P. ALVIN: Well, I think that affected David more than it affected me. I never disliked performing with my brother.

D. ALVIN: (Laughing).

GROSS: I think the finger's getting pointed at you, Dave.

D. ALVIN: I'm just enjoying a nice afternoon. Don't mind me.

P. ALVIN: And, you know, we had done a couple of things recently. We did a thing on David's "Eleven Eleven" album called, "What's Up With Your Brother?" And we did this rather strange radio play that was recorded by Stephen King at...

D. ALVIN: Songs by John Mellencamp in "Ghost Brothers of Darkland County"...

P. ALVIN: Yeah.

D. ALVIN: ...And that's when, you know, we didn't sing growing up together. We weren't The Everly Brothers, you know. My brother was, you know, came out of the womb shouting like Big Joe Turner. You know, and I came out of the womb with this voice. And so, you know, I've always said that if Bob Dylan had my brother as a brother, there'd be no Bob Dylan, you know, 'cause my brother's a magnificent singer. So there was never any question growing up who the singer in the house was. It really wasn't until I wrote the song, "What's Up With Your Brother?" and it just kind of dawned on me, well, Phil and I never sung together. And so I called him up and said, hey I wrote a song for us. Do you want to come down and record it? And he said, yeah. And the idea was, well, our voices are pretty different but what we're coming from the same place. So they kind of melt together nicely, in a weird way.

GROSS: So why don't we hear "What's Up With Your Brother?" which you just mentioned. This is Dave Alvin's song and Dave and Phil perform on this. And this is from Dave Alvin's recent album, "Eleven Eleven."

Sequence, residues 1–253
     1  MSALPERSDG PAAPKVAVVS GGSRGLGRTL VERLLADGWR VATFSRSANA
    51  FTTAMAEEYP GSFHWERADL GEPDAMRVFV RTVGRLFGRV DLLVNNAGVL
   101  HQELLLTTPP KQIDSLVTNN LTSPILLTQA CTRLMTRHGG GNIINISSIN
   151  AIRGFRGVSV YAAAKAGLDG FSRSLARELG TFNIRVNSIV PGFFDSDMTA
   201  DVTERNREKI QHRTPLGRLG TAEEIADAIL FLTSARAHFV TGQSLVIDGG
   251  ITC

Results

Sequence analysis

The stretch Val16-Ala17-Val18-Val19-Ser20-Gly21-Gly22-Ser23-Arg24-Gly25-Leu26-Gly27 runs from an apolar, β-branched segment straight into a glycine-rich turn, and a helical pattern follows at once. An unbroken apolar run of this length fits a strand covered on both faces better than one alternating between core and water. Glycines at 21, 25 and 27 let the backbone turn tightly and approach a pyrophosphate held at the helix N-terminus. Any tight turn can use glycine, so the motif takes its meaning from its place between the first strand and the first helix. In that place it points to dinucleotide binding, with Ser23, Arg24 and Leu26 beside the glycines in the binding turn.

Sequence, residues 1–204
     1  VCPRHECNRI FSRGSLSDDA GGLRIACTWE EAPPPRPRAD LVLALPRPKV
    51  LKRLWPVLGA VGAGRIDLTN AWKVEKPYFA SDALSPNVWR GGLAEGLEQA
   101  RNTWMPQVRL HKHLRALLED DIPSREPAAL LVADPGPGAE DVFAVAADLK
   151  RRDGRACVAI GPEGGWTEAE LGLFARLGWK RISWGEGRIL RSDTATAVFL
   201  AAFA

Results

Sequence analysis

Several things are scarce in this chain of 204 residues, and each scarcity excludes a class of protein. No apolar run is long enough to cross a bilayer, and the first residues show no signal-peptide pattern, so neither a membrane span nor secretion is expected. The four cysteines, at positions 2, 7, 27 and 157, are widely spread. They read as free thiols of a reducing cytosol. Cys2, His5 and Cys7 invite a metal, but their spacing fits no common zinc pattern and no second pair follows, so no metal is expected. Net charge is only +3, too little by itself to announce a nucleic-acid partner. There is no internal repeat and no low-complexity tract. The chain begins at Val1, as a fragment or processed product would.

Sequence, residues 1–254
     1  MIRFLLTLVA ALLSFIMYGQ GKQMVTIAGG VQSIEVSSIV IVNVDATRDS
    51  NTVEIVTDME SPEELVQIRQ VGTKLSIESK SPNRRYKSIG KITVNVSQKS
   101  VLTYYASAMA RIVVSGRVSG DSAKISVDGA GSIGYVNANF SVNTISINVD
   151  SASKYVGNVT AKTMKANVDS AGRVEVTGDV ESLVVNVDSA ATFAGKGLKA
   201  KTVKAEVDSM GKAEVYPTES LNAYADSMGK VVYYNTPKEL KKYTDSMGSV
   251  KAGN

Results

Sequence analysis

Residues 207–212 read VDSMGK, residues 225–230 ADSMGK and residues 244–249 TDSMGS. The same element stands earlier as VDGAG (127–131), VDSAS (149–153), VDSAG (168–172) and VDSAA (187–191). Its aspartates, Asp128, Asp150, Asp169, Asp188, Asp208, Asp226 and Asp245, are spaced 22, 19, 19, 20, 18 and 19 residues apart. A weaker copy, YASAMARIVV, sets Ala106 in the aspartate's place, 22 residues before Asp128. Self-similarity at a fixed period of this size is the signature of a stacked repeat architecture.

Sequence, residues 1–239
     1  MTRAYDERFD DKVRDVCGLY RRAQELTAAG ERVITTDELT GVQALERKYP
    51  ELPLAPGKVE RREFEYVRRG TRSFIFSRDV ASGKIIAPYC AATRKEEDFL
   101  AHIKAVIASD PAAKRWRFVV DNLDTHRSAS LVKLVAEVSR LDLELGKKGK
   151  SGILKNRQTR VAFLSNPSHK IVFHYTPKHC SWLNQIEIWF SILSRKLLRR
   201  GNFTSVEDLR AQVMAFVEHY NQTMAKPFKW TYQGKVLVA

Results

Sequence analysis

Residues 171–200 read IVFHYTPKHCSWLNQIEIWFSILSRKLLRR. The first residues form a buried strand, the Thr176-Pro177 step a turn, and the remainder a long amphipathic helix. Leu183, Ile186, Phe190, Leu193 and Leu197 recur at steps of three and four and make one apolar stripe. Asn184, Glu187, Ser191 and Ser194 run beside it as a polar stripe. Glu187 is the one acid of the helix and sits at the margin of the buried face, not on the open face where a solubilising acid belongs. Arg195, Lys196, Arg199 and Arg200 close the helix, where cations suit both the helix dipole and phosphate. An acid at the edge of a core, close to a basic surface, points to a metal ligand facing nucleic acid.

D. ALVIN: (Singing) I've been fighting this guitar over 30 long years till there's blood on my hands and ringing in my ears. Sing my songs around the world, one end to the other. But all anyone asks is what's up with your brother?

P. ALVIN: (Singing) I catch rattlesnakes with my bare hands. Sang jazz with Sun Ra, played in T-Bone Walker's band. I'll debate time and space and the theory of numbers. But all anyone asks is what's up with your brother?

D. ALVIN: (Singing) You can run, you can hide but you'll soon discover.

P. ALVIN: (Singing) No matter where you run blood is thicker than water.

DAVE AND PHIL ALVIN: (Singing) No one asks about our father, sister or mother. All they ever ask is what's up with your brother?

GROSS: That's Dave Alvin's song, "What's Up With Your Brother?" on Dave's album, "Eleven Eleven," and Phil Alvin is featured on that too. They have a new album called, "Common Ground", featuring them performing songs by the great blues man, Big Bill Broonzy. So Dave, what do you mean by what's up with your brother? Like, why does everybody ask you that?

D. ALVIN: Well, they ask Phil that too. You know, it's kind of a running joke that - the song I wrote in Madison, Wisconsin. Because I was playing a great club there - I won't mention the name - but the drawback to play in that club is they don't have a bathroom backstage. So right before I went on, I went up through the crowd, into the bathroom, and I'm standing there doing my business and the guy comes stands next to me and looks over and says hey, what's up with your brother?